But now I find that there’s something about forming something so beautiful and delicious out of a few spare ingredients that most folks have in their cupboards. There’s something ritualistic about the process–and although time consuming, it is completely fulfilling. Not to mention that we’ve been baking some type of bread, across the world/cultures for thousands and thousands of years.
Sure, some breads can be finicky and depending on the weather and moisture outside, you’ve got to adjust. But when you’ve kneaded that perfectly silky dough, it’s fantastic!
So for Maya’s birthday Fam Din where we served a delicious Clam Chowder that brother made, I quickly volunteered to bake the sourdough bread boules to go along with them. I had never officially baked my own sourdough, although it’s been on my to-do list for some time, but hey-it seemed like a great opportunity.
First off, I needed a “starter” that gives the bread that wonderful chew and flavor. Now, I’m not one of those lucky home bakers that have a starter stored in my fridge that has been handed down in my family for the past century. So I had to create my own.
It’s a fairly easy process that essentially involves “growing” a wild yeast over several days through a combination of water and flour. Every day, you “feed” your starter a little bit more of both as it bubbles away. At one point, you may begin to freak out as it starts to separate–and you may think–CRAP! It’s gone bad!
But don’t fret my pet. All is good–in fact, you want that to happen because that’s when you’ll know that you’ve got a fermentation party going on. Just stir it all up and keep on going with the process.
For this particular batch, I chose to make a starter based on a recipe found here. The only exception is that I grew my starter for about 8 days versus the 5 listed in the instructions.
But hey–if you’ve got your own starter recipe, or even better–have some already chilling in your fridge, by all means…go with that.
After you’ve introduced your finished starter with a bit of flour to create a “levain”, you’ll want to let it mingle together overnight before adding the final flours to proof. And boy oh boy, will it proof! All through the wonders of your starter and with no additional help of dried yeast.
This recipe from Half Baked Harvest produced 6 good-sized boules out of the dough. However, I ended up forming them a little smaller to make 8 per batch. Since we were going to have lots of appetizers before dinner and intended to use them as chowder “vessels”, this smaller sized suited us well.
Prior to baking these little guys got brushed with an egg white wash and were quickly spritzed with water. These two additional steps gave them a beautiful golden sheen and helped to create the wonderful crisp exterior texture.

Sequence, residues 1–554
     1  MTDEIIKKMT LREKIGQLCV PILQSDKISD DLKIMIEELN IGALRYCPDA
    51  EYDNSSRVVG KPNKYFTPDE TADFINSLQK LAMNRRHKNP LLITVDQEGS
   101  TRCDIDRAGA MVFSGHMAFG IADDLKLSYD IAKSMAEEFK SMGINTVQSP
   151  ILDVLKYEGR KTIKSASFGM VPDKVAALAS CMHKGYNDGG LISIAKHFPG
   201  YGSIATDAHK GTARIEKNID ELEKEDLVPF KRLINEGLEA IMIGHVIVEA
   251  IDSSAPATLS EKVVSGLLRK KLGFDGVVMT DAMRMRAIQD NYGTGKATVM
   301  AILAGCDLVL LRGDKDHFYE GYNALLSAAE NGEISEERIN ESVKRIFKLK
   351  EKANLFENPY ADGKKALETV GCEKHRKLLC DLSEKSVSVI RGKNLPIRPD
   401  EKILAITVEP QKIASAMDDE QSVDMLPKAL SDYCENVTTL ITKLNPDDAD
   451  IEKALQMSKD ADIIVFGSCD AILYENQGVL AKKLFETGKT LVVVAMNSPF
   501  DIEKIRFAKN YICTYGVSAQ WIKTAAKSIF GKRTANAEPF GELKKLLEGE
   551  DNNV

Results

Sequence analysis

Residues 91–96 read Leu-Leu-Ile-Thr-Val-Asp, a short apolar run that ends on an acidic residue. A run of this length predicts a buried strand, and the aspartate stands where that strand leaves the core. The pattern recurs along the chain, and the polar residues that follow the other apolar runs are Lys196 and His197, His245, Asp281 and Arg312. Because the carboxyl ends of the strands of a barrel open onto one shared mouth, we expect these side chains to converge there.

PERFECT sourdough characteristics!
As for the crumb, I wish I would have taken a pic of the interior– it was spongy with great bubble pockets. The flavor was subtly sour—in fact, I would have preferred a bit more. But it was still slightly tangy. I think next time, I’ll give Tartine’s recipe a try now that I’ve gotten my feet wet.
But overall, I definitely recommend it! The method below is quite easy to follow–even for those new to bread baking.
Mini Sourdough Bread Boules
Makes 6-8 mini boules
1 cup fed sourdough starter
1 1/2 cups lukewarm water
3 cups all-purpose flour
1 tablespoon granulated sugar
2 1/4 teaspoons salt
2 cups bread flour
1 tbsp water optional
1 tbsp egg white lightly beaten with 1 tablespoon water
In a large mixing bowl or the bowl of an electric mixer, combine the starter, water, and all-purpose flour. Mix together with a fork or wooden spoon until smooth. Cover with plastic wrap and let sit at room temperature for 4 hours.
Transfer the bowl to the refrigerator and chill overnight, at least 12 hours.
Remove the bowl from the refrigerator and add the sugar, salt, and bread flour to the sponge. Mix until a ball of dough begins to come together. If some of the dry ingredients will not incorporate into the dough, add the additional 1 tablespoon of water to moisten them. Continue kneading the dough (on low speed if using an electric mixer) until the dough is smooth and elastic, about 5-6 minutes. Form the dough into a ball and transfer to a large lightly oiled bowl, turning the dough once to coat in the oil. Cover with plastic wrap and let rise in a warm spot until doubled in volume, 3-4 hours.
Line a baking sheet with a silicone baking mat or parchment paper. Transfer the dough ball to a lightly floured work surface and gently deflate the dough. Divide the dough into eight equal portions. Form each piece of dough into a ball, and tuck any loose edges or seams underneath. Place seam-side down on the prepared baking sheet. Repeat shaping with the other 7 pieces of the dough. Transfer the shaped boules to the prepared baking sheet. Cover loosely with lightly oiled plastic wrap. Let rise in a warm place until nearly doubled in volume, about 2-3 hours.
Place a baking stone or large dutch oven in the oven and preheat the oven to 425? F. Allow the pot to preheat for at least 20 minutes. Just before baking, lightly slash the top of each boule using a sharp serrated knife. Brush the exposed surface of the loaves with the egg wash. Spray the loaves lightly with water. Slide the entire baking sheet onto the baking stone or carefully place 4 boules in the dutch oven with the top on. Bake about 28-32 minutes, rotating the pan halfway through baking, until the crust is golden brown. If baking with the dutch oven repeat once the first four have been baked. Transfer the finished boules to a wire rack and let cool at least 30 minutes before slicing and serving.
Recipe From: Half Baked Harvest